Judicial opinions can be written in a way that honors losing stakeholders’ status as citizens or that demeans them; that acknowledges their continuing role in constitutional democracy or that shuts them out; or that respectfully articulates their views on an issue or that trivializes those views. For Calhoun, properly honoring losing parties and positions in judicial opinions is more than just a nice thing for judges to do. Opinions that demean losing litigants, that ignore them (willfully or inadvertently), or that hide behind hyper-technical rationality or “the doctrine made me do it” rhetoric create real harms, not only to the immediate parties but also to judicial legitimacy and democracy.

Calhoun offers the judicial opinions for two abortion cases, Roe v. Wade and Gonzales v. Carhart, as examples of opinions causing harm. Although the outcome in the first case is viewed as a pro-choice victory and the outcome in the second a pro-life one, Calhoun argues that both opinions show an indifference to the constitutional stature and autonomy of women.

Held up as an example of a well-written opinion is retired Denver Judge Jeffrey Bayless’s opinion in Romer v. Evans. According to Calhoun, Judge Bayless carefully laid out the arguments of each side and made a “special effort to address all citizen stakeholders,” not just those identified in the parties’ briefs. Judge Bayless also acknowledged the difficulty and impermanence of his decision and “put himself and his judgments about the legitimacy of the decision at the mercy of his audience.”

Calhoun’s claims are not beyond critique. Given how seldom lawyers—let alone “ordinary citizens”—actually read judicial opinions (something Calhoun seems to acknowledge in her discussion of Roe), the composition of opinions may have little effect on our public knowledge of their meaning, or on how their language is paraphrased and summarized by the media or by other instant and historical intermediaries. Nevertheless, judges, lawyers, and armchair Supreme Court enthusiasts will find Losing Twice to be a thought-provoking read that sheds new light on famous constitutional law decisions and that may inform their own written expression.

Derek Kiernan-Johnson is a legal writing professor at the University of Colorado in Boulder. He teaches legal writing, appellate advocacy, and judicial-opinion writing — (303) 492-5863, derek.kiernan-johnson@colorado.edu.Reproduced by permission. ©2011 Colorado Bar Association, 40 The Colorado Lawyer 114 (August 2011). All rights reserved.

CLE Program: Losing Twice – Harms of Indifference in the Supreme Court with Emily Calhoun

This CLE presentation took place on Monday, October 1. The program will be available as a homestudy in two formats: video on-demand and mp3 download.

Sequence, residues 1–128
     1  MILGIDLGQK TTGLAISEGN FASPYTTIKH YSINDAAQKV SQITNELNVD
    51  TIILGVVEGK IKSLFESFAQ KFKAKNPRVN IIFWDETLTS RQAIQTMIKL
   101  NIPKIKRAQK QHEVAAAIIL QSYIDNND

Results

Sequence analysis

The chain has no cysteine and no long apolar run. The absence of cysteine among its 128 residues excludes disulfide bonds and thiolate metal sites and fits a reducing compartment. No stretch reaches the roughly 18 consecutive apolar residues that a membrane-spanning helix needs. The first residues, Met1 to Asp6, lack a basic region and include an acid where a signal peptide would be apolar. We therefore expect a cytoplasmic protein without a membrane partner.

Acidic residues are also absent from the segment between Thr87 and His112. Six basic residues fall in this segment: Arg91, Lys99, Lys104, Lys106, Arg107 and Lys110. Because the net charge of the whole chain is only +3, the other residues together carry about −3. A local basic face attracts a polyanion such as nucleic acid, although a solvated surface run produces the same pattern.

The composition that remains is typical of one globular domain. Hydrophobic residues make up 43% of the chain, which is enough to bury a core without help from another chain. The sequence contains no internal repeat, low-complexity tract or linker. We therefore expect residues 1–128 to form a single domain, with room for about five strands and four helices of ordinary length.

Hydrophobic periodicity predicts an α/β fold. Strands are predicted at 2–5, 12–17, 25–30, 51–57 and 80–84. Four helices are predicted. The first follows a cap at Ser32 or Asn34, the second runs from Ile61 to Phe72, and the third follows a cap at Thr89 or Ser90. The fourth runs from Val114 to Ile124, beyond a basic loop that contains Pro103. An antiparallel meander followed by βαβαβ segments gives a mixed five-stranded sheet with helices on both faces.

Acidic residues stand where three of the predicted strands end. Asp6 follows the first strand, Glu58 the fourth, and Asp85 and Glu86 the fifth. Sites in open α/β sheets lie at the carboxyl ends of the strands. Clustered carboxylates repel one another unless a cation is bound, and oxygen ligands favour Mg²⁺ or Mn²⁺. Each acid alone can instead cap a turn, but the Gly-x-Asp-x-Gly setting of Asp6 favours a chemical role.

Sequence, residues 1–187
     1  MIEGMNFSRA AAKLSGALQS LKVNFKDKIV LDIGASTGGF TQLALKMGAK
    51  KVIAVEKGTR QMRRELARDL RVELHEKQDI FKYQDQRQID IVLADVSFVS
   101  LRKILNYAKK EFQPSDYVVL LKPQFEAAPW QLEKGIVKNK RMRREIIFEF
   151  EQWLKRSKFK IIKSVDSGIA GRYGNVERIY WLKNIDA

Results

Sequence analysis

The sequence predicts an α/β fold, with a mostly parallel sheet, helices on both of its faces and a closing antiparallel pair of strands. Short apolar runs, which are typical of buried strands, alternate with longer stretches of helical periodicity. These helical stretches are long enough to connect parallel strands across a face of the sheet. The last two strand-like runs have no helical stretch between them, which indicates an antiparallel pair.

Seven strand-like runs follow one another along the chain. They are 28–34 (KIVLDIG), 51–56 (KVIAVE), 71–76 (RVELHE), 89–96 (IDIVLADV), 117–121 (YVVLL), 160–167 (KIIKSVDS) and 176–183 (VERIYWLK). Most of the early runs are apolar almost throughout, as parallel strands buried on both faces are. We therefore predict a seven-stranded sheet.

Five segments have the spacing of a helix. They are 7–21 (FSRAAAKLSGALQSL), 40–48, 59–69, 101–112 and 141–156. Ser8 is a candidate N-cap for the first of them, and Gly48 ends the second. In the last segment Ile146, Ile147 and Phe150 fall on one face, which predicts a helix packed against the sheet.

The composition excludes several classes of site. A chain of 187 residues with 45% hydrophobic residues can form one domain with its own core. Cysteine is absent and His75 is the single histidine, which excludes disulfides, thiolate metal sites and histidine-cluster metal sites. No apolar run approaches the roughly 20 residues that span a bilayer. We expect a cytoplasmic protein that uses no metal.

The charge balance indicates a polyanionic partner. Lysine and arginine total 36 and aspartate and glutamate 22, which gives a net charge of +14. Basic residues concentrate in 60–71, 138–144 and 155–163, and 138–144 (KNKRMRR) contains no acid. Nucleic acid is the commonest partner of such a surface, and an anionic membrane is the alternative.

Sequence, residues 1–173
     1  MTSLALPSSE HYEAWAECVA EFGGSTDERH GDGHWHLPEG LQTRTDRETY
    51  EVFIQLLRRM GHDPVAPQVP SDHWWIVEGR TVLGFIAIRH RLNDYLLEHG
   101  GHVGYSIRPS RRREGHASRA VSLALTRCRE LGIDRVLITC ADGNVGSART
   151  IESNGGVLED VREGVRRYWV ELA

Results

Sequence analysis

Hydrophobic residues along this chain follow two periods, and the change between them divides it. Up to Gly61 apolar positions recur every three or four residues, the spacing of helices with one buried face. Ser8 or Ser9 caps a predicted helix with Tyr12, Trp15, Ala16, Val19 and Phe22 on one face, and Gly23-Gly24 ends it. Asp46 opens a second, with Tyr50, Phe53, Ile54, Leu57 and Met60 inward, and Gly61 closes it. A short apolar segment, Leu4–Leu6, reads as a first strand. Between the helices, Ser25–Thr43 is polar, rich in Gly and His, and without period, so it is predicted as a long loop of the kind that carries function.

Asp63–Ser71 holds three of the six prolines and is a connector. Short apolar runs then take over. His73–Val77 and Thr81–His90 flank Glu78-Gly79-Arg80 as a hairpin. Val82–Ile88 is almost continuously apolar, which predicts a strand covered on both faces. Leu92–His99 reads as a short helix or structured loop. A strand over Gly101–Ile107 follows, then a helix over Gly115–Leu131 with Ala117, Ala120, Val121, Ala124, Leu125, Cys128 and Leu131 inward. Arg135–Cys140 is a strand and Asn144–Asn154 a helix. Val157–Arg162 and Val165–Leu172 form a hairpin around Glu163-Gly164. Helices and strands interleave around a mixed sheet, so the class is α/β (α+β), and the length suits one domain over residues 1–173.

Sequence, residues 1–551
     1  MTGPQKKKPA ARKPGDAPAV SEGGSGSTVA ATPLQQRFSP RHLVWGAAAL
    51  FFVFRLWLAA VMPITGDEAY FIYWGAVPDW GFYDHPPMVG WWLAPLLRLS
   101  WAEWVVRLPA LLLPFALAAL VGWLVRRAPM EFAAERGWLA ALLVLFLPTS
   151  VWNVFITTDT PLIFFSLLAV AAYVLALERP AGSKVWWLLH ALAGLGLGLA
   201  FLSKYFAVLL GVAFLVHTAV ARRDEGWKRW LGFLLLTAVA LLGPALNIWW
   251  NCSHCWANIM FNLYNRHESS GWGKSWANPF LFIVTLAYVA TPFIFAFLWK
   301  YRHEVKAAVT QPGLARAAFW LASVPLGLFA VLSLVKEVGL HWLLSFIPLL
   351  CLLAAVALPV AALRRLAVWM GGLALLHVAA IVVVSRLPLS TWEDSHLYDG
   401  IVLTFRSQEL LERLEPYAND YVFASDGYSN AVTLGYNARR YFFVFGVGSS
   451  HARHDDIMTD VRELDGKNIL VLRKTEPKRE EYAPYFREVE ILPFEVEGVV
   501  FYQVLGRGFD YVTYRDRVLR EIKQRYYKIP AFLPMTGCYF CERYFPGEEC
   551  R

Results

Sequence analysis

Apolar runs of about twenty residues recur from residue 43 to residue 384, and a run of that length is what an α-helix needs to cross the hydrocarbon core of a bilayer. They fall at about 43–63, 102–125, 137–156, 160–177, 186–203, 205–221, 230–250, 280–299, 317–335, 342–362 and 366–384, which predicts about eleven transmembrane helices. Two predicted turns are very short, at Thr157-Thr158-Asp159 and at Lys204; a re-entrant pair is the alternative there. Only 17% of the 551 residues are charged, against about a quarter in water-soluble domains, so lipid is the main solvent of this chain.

Tenth Circuit: Petition for Review of BIA’s Denial of Restriction on Removal Denied

The Tenth Circuit Court of Appeals issued its opinion in Neri-Garcia v. Holdeon Wednesday, October 3, 2012.

Efren Neri-Garcia was a citizen of Mexico who was in the United States illegally. He sought restriction on removal under the Immigration and Nationality Act and for relief under the United Nations Convention Against Torture (CAT). The immigration Judge (IJ) found Neri-Garcia established past persecution based on his homosexuality, but that the Department of Homeland Security had rebutted the presumption of future persecution because of a fundamental change of circumstances in Mexico, including steps the Mexican government had taken to prevent violence against gay men. The IJ also found Neri-Garcia was ineligible for restriction on removal under the CAT. Neri-Garcia appealed to the Board of Immigration Appeals (BIA), which adopted the IJ’s reasoning and dismissed his appeal.

The Tenth Circuit found the BIA’s reliance on, and analysis of, the 2009 and 2010 United States Department of State Human Rights Reports (Country Reports) for Mexico was reasonable and its decision was supported by substantial evidence. The court also found no abuse of discretion in the BIA’s denial of Neri-Garcia’s motion to remand as the evidence he offered was insufficient to justify a remand. News articles of the killing of two gay activists weighed against the population of Mexico and lack of government actors was not probative. The Tenth Circuit denied Neri-Garcia’s petition for review.

Tenth Circuit: Unpublished Opinions, 10/3/12

On Wednesday, October 3, 2012, the Tenth Circuit Court of Appeals issued one published opinion and three unpublished opinions.

Davis v. Hudson Refinery

Williams v. Mayes

Arencibia v. Barta

No case summaries are provided for unpublished opinions. However, published opinions are summarized and provided by Legal Connection.